Supplementary memorandum submitted by
I undertook to write to you to expand our views
on how to approach situations where prospective claimants in foreign
jurisdictions perceive they have no effective remedy in their
own country for human rights claims against the foreign subsidiary
of a UK domiciled company.
This is an issue which we believe to be at the
heart of one of BP's core valuesnamely that in the conduct
of our business, we must always have regard to the human rights
impact of those who are involved with and affected by our business
activities. I hope that through both our written and oral submissions,
it is clear that BP has sought to take tangible steps to embed
consideration of human rights within our business and risk management
process and that there is senior leadership commitment to addressing
the issue. Our company is also actively engaged with other extractives
companies (along with governments and Human Rights NGOs) in the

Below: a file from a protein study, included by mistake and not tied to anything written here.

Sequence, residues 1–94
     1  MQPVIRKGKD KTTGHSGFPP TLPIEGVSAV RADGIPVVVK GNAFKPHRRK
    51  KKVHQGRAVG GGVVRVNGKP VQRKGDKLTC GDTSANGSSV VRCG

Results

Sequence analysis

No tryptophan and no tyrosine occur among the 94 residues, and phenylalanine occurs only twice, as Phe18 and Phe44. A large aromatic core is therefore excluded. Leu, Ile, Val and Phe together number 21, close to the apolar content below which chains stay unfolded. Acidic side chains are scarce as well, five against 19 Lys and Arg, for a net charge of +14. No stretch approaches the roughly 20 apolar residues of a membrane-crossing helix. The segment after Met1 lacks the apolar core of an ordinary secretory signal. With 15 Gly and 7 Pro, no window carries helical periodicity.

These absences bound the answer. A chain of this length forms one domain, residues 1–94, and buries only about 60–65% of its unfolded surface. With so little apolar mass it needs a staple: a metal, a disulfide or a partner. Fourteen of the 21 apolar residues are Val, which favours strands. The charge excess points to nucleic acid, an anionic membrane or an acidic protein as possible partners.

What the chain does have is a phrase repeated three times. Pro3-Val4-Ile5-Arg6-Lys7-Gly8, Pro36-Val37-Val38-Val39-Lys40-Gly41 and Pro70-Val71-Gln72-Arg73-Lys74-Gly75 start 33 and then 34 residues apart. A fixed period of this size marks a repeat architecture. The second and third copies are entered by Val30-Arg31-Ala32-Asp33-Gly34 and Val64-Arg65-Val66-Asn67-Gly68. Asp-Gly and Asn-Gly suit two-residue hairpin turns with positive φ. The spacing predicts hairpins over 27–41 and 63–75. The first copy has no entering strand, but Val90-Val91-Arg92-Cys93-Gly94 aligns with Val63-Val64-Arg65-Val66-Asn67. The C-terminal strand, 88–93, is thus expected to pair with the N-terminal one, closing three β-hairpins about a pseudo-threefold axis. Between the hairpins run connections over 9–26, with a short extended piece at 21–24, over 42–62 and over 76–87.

Voluntary Principles on Security and Human Rights (VPs). We continue
to implement the VPs in our major projects and operations specifically
to address human rights concerns in the provision of security.
When I appeared before you, I acknowledged that
there will always be the risk, despite the best systems a company
can devise, that even the best-intentioned companies may fail
to live up to their own standards, and that this could result
in the infringement of the human rights of nationals in foreign
countries. In such cases, we believe the most appropriate response
should be the swift, fair and proportionate resolution of such
complaints on the ground in the relevant country, including, where
appropriate, the provision of reasonable compensation and remedial
action, without the need for such complainants to seek redress
in their local courts.
As a company, where we believe complainants have justifiable and
meritorious claims, we aim to settle matters promptly and reasonably
without the need for recourse to either local or other courts,
In Appendix 1, I provide examples of BP's efforts to facilitate
timely feedback and resolution of community based issues, including
human rights claims.
None of this, however, precludes foreign complainants
from accessing the UK courts in appropriate circumstances. In
the event that such complainants believe a foreign subsidiary
of a UK domiciled company has infringed their human rights, and